Former Family Members

During my Sunday morning cup of coffee this past week, I spent a relaxing hour or so culling through the wonderful MLB Depth Charts looking for former “family” members who should get playing time in 2012 and had some past affiliation with the Yankees. I came up with over thirty names. These will certainly be names I will look for in the daily box scores because there is still an emotional attachment. Sometimes those emotions are positive. Other times the former family members bring a shudder of bad memories. I then decided to put these former family members in categories based on the emotions they brought when seeing their names on the depth charts. Here is a list of how those emotions went:

Fresh wounds. These are family members that just left. The wounds of the parting are too soon to sort out.

  • Bartolo Colon (Oakland Athletics) – Colon saved our family last year. He came out of nowhere to give us quality memories and occasional smiles.Now he’s gone.
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Sabermetrics & Psychoanalysis: Surviving the Sophomore Slump

According to Verducci, this is who we should have been worrying about at this time last season:

As you can see, several young pitchers suffered significant regressions between 2010 and 2011, but several were roughly as good or got even better. I’m going to confine my analysis to the pitchers who most resemble Pineda in that they a.) were entering their second full season, b.) were premium prospects, c.) possessed a power pitcher’s arsenal, and d.) were promoted in their early twenties. The only pitchers who really fit the bill are Madison Bumgarner, Brett Cecil, and Mat Latos. Very little insight can be gained from Bumgarner, who was a more refined product than Pineda when he reached the majors and has thusfar had little or no problem adjusting. How the other two fared, however, will seem familiar and, perhaps, foreboding to Yankees fans.

After leading the Blue Jays in wins in 2010, Cecil came to camp in 2011 noticeably overweight and with a fastball velocity at least 5 MPH under his ’10 norm.… Click here to read the rest

The Importance Of Spring Training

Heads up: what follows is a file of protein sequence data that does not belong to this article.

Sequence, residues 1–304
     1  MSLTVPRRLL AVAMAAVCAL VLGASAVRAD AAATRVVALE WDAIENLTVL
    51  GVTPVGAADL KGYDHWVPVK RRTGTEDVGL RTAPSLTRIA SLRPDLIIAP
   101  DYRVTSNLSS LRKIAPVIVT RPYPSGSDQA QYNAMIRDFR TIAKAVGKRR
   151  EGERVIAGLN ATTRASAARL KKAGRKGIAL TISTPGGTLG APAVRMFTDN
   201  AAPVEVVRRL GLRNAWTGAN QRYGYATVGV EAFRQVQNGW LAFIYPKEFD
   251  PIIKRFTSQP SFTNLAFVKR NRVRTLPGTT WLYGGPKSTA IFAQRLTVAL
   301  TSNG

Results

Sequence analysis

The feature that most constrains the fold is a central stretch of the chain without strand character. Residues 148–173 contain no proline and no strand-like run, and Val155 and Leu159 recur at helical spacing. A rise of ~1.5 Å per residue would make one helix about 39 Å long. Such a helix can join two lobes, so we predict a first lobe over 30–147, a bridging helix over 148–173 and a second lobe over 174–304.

(The following is being syndicated from An A-Blog for A-Rod)

No one needs to be reminded of how unimportant Spring Training stats are (but if you did, there’s another reminder).  But what about the overall format of Spring Training itself?  It’s structured such that players are eased into full-scale baseball activities, but how much do they really need that structure?  Every player is different and needs to do different things to get themselves into full game shape.  Some guys need lots of time in the cage and on the field to get right and some like Mo seem to be able to roll out of bed and be at the top of their game.  There are some Yankee regulars that have missed significant amounts of time with injuries this spring, and thus find themselves well behind the typical Spring Training schedule.  None are expected to miss Opening Day, but when you consider the sport being played it’s worth asking how effective they can be without a full spring routine under their belt.… Click here to read the rest

Addressing Pineda’s Velocity

For better or worse, much has been made about Michael Pineda’s velocity so far in Spring Training. Last year, the young righty burst onto the scene as a fireballer, sitting in the mid-90’s and blowing guys away with that. So naturally, we expected a lot from him in terms of the fastball. You don’t need me to tell you that it hasn’t been exactly as advertised and there has been quite the controversy over it. My general feeling has been that it doesn’t matter much. This is spring training, after all, and it’d be foolish for pitchers to go all out. Others have shown varying degrees of concern ranging from curiosity to downright panic. While I’ve been relatively adamant about my laid back stance, there is a small part of me that is concerned about the lack of zip from Pineda. We’ve seen velocity drops from Phil Hughes and Joba Chamberlain in the past, so we’ve got reason to be wary.… Click here to read the rest

Nightly Links: Hughes, Almonte, Pettitte

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Made for Cable: RSNs Fill Baseball's Coffers; MLB Revenues Continue to Rise

(The following is being syndicated from The Captain’s Blog; follow me on Twitter at@williamnyy23).

The business of baseball is very good, and one of the big reasons why is cable television. According to Forbes’ most recent look at the game’s economics, MLB’s 30 teams combined to earn net-revenue of over $6.3 billion, a 3.6% increase from last year’s record total.  And, of that total, nearly 15% came directly from local television rights fees. Meanwhile, franchise valuations jumped up almost 16% to more than $18 billion, even though operating profit (Forbes uses EBITDA, not EBIT, as a measure of operating profit) declined by 13%. In other words, it’s a good time to own a baseball team, but an even better time to sell one.

MLB’s 2011 Consolidated Financials: Net Revenue, EBITDA, and Franchise Value

Note: Revenue is net of stadium-related payments.
Source: Forbes 2011 franchise valuations

According to Forbes, the decline in EBITDA was largely the result of increasing player costs.… Click here to read the rest